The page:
In my last post, I discussed scholarships and grants for college. Now let’s turn to what we really want to know – how to find scholarships. Scholarships are the goal of most parents and students since they reduce the amount you have to borrow or pay for college. Unfortunately, there simply isn’t enough scholarship money to go very far, so it primarily goes to lower income families, top tier students, and students that colleges are eager to attract. Nevertheless, there are thousands of kinds of scholarships available for those who are willing to hunt and apply for them. Nearly everyone is eligible for at least a small amount if they search diligently, follow the qualification rules, meet the deadlines, and submit a good essay and other requested items. Fortunately, there are many resources for finding scholarships.
Tools for Finding scholarships
There is no need to pay someone to find scholarships for you. The internet now makes is easy to search for scholarships including the many databases listed here. Use several of them, vary your search terms slightly, avoid promotional offers and spam for giving up others’ contact information, and be prepared to spend time slogging thru many mismatches. Increase your chances of being selected by going to the sponsoring organization’s website to see what they are most interested in and then emphasize your best qualifications that match.
Strategies for Finding Scholarships
Scholarships directly from colleges are the easiest to find because they will be considered when you apply for financial aid from the college, but there are billions of dollars in scholarships available from thousands of other sources. For these you need to hunt and apply for them. Apply for as many as you can since awards are usually small, but can add up. Focus your efforts on where you have the best chance. The big national scholarships may have 100,000+ applicants and award less than 1000. For the best chances, start with ones that are local, listed at the high school, offered by groups you are a member of, or match your student’s interests and talents. Many fewer students apply for scholarships from local organizations, so you have a better chance. In addition to your high school counselor, find them at your local library and by doing an advanced web search, for example “your locality scholarships”.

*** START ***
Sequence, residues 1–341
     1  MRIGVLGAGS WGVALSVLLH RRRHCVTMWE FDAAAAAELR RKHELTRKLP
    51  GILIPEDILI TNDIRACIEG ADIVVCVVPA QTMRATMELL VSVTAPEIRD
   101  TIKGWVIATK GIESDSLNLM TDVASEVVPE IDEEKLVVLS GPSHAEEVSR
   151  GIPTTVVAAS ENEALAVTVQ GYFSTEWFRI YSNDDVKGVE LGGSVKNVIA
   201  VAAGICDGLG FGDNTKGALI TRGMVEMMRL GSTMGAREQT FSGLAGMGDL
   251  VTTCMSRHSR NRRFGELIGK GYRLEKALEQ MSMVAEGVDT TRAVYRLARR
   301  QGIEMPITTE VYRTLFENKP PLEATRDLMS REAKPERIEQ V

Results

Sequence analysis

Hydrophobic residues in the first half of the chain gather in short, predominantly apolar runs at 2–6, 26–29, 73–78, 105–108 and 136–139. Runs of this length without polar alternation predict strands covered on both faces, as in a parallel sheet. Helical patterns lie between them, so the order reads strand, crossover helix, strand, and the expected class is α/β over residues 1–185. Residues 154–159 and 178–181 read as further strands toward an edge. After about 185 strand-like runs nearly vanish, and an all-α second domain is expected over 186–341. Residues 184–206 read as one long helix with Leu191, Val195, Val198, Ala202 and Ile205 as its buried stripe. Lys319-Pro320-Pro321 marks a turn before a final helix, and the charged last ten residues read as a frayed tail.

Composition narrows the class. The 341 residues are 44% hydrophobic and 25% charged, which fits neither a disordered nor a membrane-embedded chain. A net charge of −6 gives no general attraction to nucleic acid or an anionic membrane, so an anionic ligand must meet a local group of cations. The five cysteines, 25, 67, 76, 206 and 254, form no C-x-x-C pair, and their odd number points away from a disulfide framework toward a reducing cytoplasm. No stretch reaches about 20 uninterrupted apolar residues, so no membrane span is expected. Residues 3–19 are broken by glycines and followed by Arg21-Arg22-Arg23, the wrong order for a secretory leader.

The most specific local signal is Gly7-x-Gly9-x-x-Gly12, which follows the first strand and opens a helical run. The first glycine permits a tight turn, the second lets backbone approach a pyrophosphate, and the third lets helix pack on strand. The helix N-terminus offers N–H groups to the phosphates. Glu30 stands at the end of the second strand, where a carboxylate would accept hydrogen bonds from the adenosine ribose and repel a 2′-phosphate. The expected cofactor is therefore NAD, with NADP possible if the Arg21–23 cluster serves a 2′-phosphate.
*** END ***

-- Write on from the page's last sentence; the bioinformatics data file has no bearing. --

Where to Find Scholarships
Most states also offer grants, scholarships, work study, loans, or loan forgiveness. Most are based upon need, but some are also awarded based upon merit, family membership in certain groups (minorities, slain police officers, etc), or students who commit to pursue certain careers such as in education or health. Various states have their own rules for granting aid which may differ from the federal rules, so apply for your state’s aid regardless of whether you received any federal aid. Check your state’s website or your high school.
In addition to finding scholarships based upon need, merit, athletics, and even arts, many private scholarships are aimed at students going into certain professions or members in certain groups including minorities, women, handicapped students, religious groups, localities, organizations, and many more. Veterans can research education aid at www.gibill.va.gov, including how to transfer education benefits to spouses and children. In return for future military obligations, students can get financial aid by joining the military “Reserve Officers Training Corp” http://www.military.com/ROTC/1,15281,armyrotc_scholarships,,00.html.
Spending time now will save you money and loans later. Start early, apply to many, be organized, and keep track of deadlines. Polish your essay so you standout for more than just good grades and reuse relevant parts as often as you can.